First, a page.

The Register-Herald, Beckley, West Virginia


July 5, 2014

A hero is more than a sandwich

From The Back Porch

— He was returning from leave after visiting his family on the West Coast. Within two months, he would be on a plane to Afghanistan. And he couldn’t wait.

Army Cpl. Haines sat next to me in the back of a big plane flying from Phoenix to Charlotte. He is a big guy but soft-spoken.

An architect by training, he had found that career unfulfilling. After considering military service for a while, he took the plunge, went in as enlisted despite his college degree and was accepted to the 101st Airborne at Fort Campbell, Ky. I figured if anything happened on that plane, I was sitting beside the best person possible.

His deployment would be the one to theoretically turn out the lights on U.S. involvement in Afghanistan. His tour would be up in November, he said, when the last troops left the war-torn country.

Sometimes when I thank service personnel for their service, it’s an awkward exchange. They don’t quite know what to say because, to them, they are simply doing their jobs. It would be like thanking a custodian for cleaning the bathroom — which I also try to do frequently.

The hero status awarded every veteran may be misplaced, Army Capt. Benjamin Summers wrote in a recent essay published in The Washington Post:

“I have worn an Army uniform for the past eight years and deployed twice to Afghanistan. This doesn’t make me a hero.

“Many veterans deserve high praise for their heroism, but others of us do not. Infantrymen who put their lives on the line for a mission, aircrews who flew into harm’s way to evacuate the wounded, servicemen and women who made the ultimate sacrifice — these are some of the heroes I’ve been privileged to know. Applying the label ‘hero’ to those of us who haven’t earned it diminishes the service and sacrifice of those who did. It also gets in the way of constructive debate and policymaking.”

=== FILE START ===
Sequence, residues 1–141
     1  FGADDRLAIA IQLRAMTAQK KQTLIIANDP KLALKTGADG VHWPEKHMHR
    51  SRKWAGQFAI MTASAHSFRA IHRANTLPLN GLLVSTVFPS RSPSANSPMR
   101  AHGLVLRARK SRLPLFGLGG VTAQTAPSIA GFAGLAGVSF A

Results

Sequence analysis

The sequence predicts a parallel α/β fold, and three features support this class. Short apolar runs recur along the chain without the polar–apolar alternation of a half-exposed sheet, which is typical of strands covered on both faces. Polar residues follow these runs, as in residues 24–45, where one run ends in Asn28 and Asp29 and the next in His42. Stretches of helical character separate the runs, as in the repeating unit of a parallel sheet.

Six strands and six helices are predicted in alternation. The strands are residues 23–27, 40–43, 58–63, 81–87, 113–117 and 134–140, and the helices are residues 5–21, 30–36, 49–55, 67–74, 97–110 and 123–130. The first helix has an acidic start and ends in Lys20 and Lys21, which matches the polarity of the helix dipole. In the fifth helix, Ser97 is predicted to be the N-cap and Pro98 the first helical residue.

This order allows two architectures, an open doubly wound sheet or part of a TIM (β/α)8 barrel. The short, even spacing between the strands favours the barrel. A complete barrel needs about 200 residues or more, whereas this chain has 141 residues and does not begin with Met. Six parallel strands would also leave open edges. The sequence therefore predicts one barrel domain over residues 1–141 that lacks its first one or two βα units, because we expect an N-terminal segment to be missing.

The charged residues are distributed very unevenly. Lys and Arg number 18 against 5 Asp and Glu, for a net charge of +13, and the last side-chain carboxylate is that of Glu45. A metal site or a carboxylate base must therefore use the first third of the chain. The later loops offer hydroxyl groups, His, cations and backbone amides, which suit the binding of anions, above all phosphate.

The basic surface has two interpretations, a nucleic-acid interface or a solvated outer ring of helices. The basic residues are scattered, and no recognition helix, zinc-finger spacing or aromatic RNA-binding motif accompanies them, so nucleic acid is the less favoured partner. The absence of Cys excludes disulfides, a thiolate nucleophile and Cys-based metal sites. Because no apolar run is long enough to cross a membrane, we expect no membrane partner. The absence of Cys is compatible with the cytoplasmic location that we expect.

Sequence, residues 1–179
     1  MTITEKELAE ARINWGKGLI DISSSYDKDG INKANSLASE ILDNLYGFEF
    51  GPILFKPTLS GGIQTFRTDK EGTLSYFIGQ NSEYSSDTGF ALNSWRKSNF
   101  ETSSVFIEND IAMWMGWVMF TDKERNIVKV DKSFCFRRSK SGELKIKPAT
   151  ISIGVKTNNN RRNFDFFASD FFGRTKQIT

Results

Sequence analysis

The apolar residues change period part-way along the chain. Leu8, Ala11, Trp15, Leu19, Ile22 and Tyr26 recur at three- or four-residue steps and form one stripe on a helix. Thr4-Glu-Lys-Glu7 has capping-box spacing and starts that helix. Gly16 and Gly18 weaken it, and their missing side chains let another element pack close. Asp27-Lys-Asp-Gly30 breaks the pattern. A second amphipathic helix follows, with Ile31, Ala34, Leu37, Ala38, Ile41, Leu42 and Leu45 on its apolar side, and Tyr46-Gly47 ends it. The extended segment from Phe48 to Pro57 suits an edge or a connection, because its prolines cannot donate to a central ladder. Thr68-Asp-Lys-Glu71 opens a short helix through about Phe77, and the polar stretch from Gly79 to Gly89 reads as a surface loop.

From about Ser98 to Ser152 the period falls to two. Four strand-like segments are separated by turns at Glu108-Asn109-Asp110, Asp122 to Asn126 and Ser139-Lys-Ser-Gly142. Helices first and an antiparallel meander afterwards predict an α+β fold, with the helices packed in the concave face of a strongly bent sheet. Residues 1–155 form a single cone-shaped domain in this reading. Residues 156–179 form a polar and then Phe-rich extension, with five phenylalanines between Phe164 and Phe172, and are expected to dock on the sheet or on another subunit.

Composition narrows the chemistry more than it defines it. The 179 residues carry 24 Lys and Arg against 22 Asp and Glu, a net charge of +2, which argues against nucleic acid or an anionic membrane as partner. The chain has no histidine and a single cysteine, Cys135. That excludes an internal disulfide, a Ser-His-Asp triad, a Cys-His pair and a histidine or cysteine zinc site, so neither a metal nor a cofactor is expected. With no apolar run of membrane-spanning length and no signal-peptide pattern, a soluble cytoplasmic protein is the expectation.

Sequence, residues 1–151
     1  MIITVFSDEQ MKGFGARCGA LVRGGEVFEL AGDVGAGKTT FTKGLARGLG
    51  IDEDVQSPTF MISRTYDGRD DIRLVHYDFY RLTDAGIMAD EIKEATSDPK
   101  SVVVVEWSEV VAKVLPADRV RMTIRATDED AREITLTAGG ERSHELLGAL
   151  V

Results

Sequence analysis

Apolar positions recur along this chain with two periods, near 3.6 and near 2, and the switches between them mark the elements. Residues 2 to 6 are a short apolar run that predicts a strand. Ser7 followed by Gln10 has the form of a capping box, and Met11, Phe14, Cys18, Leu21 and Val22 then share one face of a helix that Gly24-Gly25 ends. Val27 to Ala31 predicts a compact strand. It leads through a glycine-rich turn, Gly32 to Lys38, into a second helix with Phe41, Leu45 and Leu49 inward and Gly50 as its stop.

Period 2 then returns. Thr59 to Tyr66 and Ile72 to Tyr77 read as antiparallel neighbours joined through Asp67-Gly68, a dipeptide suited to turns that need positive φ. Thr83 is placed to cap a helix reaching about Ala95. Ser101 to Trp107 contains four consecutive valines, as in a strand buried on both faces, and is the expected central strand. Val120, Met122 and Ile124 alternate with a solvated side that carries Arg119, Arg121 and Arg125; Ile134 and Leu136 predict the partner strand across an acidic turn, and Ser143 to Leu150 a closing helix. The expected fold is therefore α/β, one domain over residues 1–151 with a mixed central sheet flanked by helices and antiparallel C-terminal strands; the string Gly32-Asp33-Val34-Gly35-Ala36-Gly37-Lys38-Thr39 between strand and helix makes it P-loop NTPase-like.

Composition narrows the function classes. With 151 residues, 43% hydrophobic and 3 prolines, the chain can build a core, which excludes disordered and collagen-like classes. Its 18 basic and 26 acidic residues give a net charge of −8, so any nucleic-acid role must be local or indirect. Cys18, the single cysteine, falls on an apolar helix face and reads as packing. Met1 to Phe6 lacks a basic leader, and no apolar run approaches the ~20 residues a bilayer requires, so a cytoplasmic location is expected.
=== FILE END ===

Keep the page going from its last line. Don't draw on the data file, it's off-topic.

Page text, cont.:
Summers is correct. The hero worship of the military is not a healthy thing, but it is the pendulum swinging back in the opposite direction from the aftermath of the Vietnam War in which all service personnel were excoriated. America’s conscience got the better of her, and now she is eager to accept and be thankful for what this all-volunteer force is doing.

Make no mistake. There is plenty of room for hero worship among the military. Last month, Marine Cpl. Kyle Carpenter received the Medal of Honor for massive injuries sustained in a November 2010 rooftop grenade attack in Afghanistan. He threw himself on the grenade to save a fellow Marine.

His colleague survived, and so did Carpenter after more than 40 surgeries and years of therapy and rehabilitation.

But regular people do heroic things all the time. In my dreams, I’m always the hero. By reminding ourselves of who heroes are and what they do, we hope that we will respond in like fashion when that moment comes for us.

That’s a good thing.

But I believe it’s also OK to appreciate the people who choose jobs that are necessary to our safety and freedom. Because of them, we don’t have to do those jobs.

The men and women who wear our nation’s uniforms may not consider themselves heroes, but I still appreciate them.

Happy Independence Day, Cpl. Haines, wherever you are.

— Young is a Register-Herald freelance columnist. E-mail:

© Nerissa Young 2014

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